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Feature 021014 Garcia de la Garza

Monday, February 10, 2014

Murder and Violence in Mexico and its Security Dilemma


By Alejandro Garcia de la Garza

Why is Mexico mired in organized, drug-related murder? In an extreme case of security dilemmas increasingly familiar elsewhere, the state has ceded its monopoly of legitimate force to irregular security companies—and is now considering legitimizing vigilante groups.

Is the government losing its authority? All around the world, little by little, the state has been transferring security functions to private firms, which have presented themselves as experts providing specialized services in intelligence, training and analysis.

In Mexico, with cartel violence and corruption running rampant, security has come to be conceived as best handled by professionals outside the authorities, with bodyguards ensuring the safety of their patrons.

With only one police officer for every 996 Mexicans, private security has boomed. Since 2008 the industry has been growing by a steady 20 per cent per year and by 2012 there were more than 8,000 firms. Over three quarters operate irregularly or even illegally, to avoid taxes or having to pay for permits and certificates. They profit by exploiting the deteriorating situation rather than providing a reliable service. They have filled their ranks with ex-cops and people with little education, who find in this industry a job opportunity with few requirements.

Industries and the affluent have turned to private security for armored cars and escorts, most of them armed, patrolling neighborhoods. For an ever increasing portion of the population, private security has become the only security. But what for those who can’t afford it?

Near impunity

The people of Michoacan, in the south west of Mexico, have experienced over a decade of increasing violence from the cartel that controls the region, the Knights Templar. Suffering assault, extortion, kidnapping and rape by cartel members—who operate with near impunity—civilians have organized themselves in grupos de autodefensas (self-defense groups). Unlike a revolutionary movement, these have no ideological agenda, no plans to replace the government.

Such vigilante groups do not enjoy the legitimacy private security has acquired: they have arisen from extreme necessity. Paradoxically, the Knights Templar themselves emerged in just this way.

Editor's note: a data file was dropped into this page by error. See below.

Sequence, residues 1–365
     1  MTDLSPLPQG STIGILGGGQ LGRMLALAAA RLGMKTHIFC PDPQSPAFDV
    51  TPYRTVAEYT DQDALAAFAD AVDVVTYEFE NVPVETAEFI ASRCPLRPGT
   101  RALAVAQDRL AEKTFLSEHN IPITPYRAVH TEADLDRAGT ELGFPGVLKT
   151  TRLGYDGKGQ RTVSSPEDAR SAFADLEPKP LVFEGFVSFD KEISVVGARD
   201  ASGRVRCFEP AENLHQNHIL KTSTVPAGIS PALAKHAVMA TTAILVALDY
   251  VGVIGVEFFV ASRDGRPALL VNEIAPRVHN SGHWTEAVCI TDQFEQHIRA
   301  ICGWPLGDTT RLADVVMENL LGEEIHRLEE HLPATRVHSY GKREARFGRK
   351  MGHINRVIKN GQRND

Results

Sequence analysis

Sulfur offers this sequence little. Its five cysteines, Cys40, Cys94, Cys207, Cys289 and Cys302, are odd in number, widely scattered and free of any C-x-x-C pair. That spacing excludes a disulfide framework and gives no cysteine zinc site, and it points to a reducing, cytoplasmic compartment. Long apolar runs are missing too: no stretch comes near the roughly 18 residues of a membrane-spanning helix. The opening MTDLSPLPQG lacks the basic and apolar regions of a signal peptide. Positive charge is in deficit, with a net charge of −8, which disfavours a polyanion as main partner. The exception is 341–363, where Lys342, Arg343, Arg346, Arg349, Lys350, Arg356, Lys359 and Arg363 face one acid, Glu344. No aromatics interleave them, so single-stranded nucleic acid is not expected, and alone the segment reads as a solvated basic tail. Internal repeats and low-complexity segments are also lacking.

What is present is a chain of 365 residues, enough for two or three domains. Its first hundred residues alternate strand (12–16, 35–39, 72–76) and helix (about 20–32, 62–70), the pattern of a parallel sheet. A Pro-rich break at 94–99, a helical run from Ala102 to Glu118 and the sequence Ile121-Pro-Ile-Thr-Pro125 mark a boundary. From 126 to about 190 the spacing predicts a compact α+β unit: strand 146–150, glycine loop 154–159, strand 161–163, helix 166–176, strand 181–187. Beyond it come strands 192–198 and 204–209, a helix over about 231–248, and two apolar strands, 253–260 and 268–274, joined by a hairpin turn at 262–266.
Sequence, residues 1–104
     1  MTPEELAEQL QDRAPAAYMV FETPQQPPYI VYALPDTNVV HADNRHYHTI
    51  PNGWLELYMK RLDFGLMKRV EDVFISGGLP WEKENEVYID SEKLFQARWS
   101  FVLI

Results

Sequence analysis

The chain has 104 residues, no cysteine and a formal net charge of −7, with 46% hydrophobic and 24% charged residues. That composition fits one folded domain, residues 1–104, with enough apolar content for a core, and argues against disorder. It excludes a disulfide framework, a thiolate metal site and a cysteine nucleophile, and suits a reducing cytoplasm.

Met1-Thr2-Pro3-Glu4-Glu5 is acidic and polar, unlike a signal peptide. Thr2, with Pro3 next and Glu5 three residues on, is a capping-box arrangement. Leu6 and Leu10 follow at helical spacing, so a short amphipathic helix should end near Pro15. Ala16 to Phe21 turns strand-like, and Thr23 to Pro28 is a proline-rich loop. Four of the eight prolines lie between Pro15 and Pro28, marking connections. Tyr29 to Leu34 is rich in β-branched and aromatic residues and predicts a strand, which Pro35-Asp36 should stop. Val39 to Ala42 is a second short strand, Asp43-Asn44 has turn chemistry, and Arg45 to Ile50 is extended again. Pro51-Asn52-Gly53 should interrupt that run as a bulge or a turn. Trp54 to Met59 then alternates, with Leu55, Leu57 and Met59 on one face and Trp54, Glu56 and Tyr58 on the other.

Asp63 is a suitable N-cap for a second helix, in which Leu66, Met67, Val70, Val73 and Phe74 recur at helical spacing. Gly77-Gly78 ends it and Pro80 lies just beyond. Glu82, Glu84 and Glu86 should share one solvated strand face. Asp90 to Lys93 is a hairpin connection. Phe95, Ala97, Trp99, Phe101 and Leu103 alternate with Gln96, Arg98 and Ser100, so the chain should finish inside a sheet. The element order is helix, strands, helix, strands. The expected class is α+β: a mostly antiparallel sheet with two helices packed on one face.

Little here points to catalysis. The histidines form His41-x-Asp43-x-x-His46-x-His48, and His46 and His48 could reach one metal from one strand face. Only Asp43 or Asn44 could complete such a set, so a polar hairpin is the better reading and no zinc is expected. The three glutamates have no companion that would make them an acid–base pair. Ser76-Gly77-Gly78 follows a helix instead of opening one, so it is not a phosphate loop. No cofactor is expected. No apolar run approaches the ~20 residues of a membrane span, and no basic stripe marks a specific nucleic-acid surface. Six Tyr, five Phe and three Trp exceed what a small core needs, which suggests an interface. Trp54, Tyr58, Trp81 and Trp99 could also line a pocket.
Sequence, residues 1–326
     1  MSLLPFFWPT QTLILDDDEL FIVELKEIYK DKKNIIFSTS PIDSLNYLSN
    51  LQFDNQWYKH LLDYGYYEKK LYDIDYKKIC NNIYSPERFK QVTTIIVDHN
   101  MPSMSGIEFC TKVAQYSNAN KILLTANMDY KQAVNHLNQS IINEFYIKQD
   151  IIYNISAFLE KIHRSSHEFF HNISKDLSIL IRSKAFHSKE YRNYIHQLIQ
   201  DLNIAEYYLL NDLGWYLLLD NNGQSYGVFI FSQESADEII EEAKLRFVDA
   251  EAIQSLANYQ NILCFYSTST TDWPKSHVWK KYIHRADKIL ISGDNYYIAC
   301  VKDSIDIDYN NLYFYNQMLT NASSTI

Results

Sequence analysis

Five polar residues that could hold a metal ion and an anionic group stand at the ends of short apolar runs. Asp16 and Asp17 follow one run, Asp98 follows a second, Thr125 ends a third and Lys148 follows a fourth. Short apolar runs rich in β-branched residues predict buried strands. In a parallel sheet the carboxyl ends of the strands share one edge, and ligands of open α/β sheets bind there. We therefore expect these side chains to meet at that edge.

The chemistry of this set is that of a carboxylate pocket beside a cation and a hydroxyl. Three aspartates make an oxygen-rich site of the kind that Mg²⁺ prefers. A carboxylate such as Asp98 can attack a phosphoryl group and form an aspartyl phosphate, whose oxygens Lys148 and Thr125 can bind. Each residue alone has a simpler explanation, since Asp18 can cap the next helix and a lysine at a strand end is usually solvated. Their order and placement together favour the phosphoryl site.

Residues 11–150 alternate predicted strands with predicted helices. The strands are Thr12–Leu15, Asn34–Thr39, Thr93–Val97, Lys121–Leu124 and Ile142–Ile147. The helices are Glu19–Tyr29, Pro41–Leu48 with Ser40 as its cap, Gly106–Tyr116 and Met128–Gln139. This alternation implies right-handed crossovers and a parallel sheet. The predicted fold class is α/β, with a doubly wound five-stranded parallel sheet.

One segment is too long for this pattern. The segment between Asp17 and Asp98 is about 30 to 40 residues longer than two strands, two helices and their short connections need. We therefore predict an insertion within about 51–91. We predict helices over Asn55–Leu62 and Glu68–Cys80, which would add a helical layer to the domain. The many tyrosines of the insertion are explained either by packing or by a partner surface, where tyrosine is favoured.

The government has sought to disarm the self-defense group in Michoacan by mounting a large army operation. This has led to accusations that it is merely protecting the Knights Templar or its own image of legitimacy and authority—not public safety. The vigilantes say they would be happy to disarm, if the government captures or kills key figures among the Knights Templar. Indeed, they have furnished the names and aliases of alleged leaders, whom they claim are operating in plain sight.

Michoacan is of strategic value to any cartel, thanks in particular to its coastline and harsh terrain. The geography allows the cultivation of drugs and the maintenance of meth labs—and facilitates the disposal of bodies.

The self-defense groups claim that they are being sponsored by local businessmen and the general public, and that their arms come from cartel members whom they have killed. Yet some officials, and even the Knights Templar themselves, suspect that competing cartels may be providing the high-caliber weapons.


These vigilante groups are not only growing but have started to spread to other states, leading the government to attempt their “regularization”, giving them the legitimacy they were lacking. This has divided experts and the public alike—with some claiming that it is a quick solution which, like many such strategies, may lead to long-term complications much more difficult to resolve.

Arguably, the government is trapped between continuing the ineffectual “war on drugs”, which would allow the cartels to carry out their activities and violence with the near impunity they have enjoyed, or risking unprofessional paramilitary groups abusing authority under the mantle of acquired legitimacy. Those against the legalization of the self-defense groups cite Peru, Colombia and Guatemala as countries that adopted similar strategies—resulting in paramilitary groups committing crimes without repercussions or turning into the very insurgency groups they were combating.

The fact remains that as long as violence runs rampant in Mexico, and elsewhere, if the state is unable to provide security someone else will fill the vacuum—most likely with less accountability and much more ruthlessness. 


This article, "Murder and Mexico’s security dilemma," by Alejandro Garcia de la Garza, was first published on Feb. 5, 2014 at, under a Creative Commons license. Alejandro Garcia de la Garza has a MA in Conflict, Security and Development from the University of Sussex, and is an associate area specialist for the Intelligence, Security and International Affairs section of CIMBRE, the Centre for Interdisciplinary Mexican-British Research think tank.

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